• River Wetlands

Unpacking The Disappearing Kachok Culture: The Untold Stories Of Koh Peak Village

Updated: Dec 27, 2020


A young Kachok villager dressed in modern clothing. Kachok people wearing traditional costumes is a rare sight today.

Kachok is one of the smallest ethnic minority groups in Cambodia, with a population of about 3,365 residing in Cambodia today. The Kachok are indigenous people and holders of a unique language, way of living, knowledge, and beliefs, making them distinct from the Khmer majority. However, the Kachok culture we know of today bears little similarity to the past.

To investigate this changing indigenous culture and tradition, we decided to immerse ourselves in Koh Peak, a Kachok village in Vernsai District of Ratanakiri Province, Cambodia. Koh Peak is home to 311 Kachok families and a small group of other ethnic minorities.


When we first arrived in Koh Peak village, it was not immediately obvious that the village belonged to the Kachok indigenous group. There were no distinct physical signs that differentiated the community from other indigenous communities, or even Khmer communities; every villager was wearing modern clothing and most of the young and middle-aged villagers were conversing in fluent Khmer.

A display of the Kachok traditional costume. When worn, the costume is meant to be wrapped around the body.

Through our interviews and casual conversations with some of the elders in the village, including the current and ex- village chief of Koh Peak, it was revealed to us that the aspects that defined and made the Kachok culture unique included their unique traditional costumes, the Kachok language that they speak, their traditional marriage ceremonies and ritual practices, and certain cultural artifacts such as the Ka pa (woven bamboo basket), rice wine jars, and traditional musical instruments.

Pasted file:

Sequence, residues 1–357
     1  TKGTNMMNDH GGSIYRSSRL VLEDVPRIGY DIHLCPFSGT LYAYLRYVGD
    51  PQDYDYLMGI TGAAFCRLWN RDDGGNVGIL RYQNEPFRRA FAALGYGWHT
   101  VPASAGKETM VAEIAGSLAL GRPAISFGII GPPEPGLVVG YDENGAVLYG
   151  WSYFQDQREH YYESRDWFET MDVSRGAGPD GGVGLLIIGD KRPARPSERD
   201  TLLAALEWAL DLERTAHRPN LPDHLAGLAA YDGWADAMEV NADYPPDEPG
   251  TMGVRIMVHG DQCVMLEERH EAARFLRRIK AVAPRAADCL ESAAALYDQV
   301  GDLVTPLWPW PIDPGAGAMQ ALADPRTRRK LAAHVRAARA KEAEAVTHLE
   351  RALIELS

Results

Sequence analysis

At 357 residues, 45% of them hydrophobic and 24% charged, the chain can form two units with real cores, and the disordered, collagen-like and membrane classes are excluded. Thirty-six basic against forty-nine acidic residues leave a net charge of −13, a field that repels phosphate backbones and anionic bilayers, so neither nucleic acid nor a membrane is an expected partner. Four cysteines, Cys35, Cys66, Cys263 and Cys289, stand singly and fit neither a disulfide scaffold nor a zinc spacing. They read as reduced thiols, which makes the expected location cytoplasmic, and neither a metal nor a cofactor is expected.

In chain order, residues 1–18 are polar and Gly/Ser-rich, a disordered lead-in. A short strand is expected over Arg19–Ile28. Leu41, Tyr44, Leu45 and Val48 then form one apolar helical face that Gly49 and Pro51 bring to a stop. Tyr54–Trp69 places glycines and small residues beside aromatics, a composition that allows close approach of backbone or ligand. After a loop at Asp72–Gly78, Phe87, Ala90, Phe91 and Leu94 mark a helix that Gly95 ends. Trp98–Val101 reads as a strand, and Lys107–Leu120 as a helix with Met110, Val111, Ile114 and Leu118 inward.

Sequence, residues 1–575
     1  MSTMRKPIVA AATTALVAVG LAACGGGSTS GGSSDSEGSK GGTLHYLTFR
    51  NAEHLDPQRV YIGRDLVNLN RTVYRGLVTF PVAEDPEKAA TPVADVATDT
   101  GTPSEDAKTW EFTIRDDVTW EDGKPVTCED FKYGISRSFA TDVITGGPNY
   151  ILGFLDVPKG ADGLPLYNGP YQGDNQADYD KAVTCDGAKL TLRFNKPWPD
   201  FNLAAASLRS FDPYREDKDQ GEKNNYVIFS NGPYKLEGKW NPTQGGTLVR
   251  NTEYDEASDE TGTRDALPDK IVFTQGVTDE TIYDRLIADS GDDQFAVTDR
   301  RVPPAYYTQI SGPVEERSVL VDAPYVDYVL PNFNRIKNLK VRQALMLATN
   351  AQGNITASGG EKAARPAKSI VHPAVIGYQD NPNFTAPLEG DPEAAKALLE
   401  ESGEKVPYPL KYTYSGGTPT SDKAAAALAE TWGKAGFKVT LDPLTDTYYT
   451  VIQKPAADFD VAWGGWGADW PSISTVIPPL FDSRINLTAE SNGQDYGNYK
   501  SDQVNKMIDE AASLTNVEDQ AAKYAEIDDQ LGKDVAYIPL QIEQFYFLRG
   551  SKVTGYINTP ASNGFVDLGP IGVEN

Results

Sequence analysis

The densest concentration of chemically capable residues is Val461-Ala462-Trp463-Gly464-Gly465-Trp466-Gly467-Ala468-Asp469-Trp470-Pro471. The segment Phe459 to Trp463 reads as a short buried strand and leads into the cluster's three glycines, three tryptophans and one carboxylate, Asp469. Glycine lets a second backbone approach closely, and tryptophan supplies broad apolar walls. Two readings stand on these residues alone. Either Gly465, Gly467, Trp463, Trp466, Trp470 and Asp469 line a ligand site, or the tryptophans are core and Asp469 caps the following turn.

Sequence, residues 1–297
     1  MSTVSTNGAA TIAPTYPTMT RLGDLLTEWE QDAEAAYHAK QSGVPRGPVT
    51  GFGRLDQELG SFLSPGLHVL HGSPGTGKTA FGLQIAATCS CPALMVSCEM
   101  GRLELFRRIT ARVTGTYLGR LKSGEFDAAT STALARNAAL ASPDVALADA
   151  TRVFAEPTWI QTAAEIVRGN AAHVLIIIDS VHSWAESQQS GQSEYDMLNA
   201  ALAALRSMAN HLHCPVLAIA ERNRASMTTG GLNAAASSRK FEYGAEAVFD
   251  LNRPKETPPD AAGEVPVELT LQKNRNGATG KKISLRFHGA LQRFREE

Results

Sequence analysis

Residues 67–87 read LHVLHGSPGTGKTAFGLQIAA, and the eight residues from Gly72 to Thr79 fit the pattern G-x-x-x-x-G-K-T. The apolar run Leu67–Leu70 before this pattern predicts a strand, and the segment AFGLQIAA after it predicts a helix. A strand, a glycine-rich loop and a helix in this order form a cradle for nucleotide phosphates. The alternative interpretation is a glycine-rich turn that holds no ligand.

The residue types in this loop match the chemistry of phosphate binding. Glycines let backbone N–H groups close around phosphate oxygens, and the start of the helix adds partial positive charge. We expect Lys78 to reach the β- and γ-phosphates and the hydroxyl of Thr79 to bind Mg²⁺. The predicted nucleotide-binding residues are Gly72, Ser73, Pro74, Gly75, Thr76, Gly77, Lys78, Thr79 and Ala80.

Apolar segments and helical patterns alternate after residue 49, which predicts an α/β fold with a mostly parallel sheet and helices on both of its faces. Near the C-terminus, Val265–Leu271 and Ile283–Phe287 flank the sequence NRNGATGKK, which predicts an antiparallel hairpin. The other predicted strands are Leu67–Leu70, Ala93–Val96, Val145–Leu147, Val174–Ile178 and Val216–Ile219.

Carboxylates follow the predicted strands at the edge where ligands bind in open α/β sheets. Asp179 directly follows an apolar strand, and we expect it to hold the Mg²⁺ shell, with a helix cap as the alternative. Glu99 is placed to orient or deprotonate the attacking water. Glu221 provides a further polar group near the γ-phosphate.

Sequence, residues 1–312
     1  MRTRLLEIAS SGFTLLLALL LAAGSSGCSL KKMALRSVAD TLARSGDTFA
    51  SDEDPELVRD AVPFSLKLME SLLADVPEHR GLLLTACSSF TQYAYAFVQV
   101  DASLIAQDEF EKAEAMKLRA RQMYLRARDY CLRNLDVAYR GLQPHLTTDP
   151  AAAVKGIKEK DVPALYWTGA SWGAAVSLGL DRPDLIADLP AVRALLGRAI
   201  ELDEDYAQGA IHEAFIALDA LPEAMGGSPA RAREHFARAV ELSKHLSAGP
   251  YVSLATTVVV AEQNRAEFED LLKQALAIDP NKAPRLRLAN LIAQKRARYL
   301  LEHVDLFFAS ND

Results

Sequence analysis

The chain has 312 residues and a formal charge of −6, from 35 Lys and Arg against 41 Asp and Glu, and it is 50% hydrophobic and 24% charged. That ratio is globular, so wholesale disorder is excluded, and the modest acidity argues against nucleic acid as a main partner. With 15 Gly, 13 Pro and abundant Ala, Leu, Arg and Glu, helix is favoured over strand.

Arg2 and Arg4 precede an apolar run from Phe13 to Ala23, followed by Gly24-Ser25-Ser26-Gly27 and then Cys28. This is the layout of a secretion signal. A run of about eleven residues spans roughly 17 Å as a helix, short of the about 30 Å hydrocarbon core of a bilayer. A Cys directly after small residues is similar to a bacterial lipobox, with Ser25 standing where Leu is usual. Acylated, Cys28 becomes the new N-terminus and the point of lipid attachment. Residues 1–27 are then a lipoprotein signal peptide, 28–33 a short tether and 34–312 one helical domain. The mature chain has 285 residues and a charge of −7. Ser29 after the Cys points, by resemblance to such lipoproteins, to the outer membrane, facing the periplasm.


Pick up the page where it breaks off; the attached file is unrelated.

Unfortunately, many of these aspects are no longer seen or being practiced in the village today, with many of the younger generations of villagers having had no encounter with these cultural features.

"If nothing is done and this community continues living as it is, the Kachok culture will soon disappear completely..."
- No Jang, Previous village chief of Koh Peak village


Upon discovering that so many defining aspects of the Kachok culture were disappearing, or already lost, we sought to understand the reasons for this disappearing Kachok culture. We soon discovered that one of the reasons might be that of Khmer nationalism.

Nationalism refers to a system of belief that aims to forward the interests of an individual nation, through encouraging the cultural unity of the nation itself[1]. Several of the village elders who have lived through the Khmer Rouge regime, told of how the regime introduced numerous reforms throughout the nation, including the forced wearing of standardized attire. During that period, the adorning of the Kachok traditional costume, or any attire other than the uniform black shirts and pants, was illegal, and violators of this rule would face severe consequences.

Koh Pek Primary School, the only educational institution present within the village of Koh Peak.

This effectively rid the presence of the Kachok costumes from the daily lives of Koh Peak villagers today, with the village’s cultural performers being the only people to still own the traditional outfit.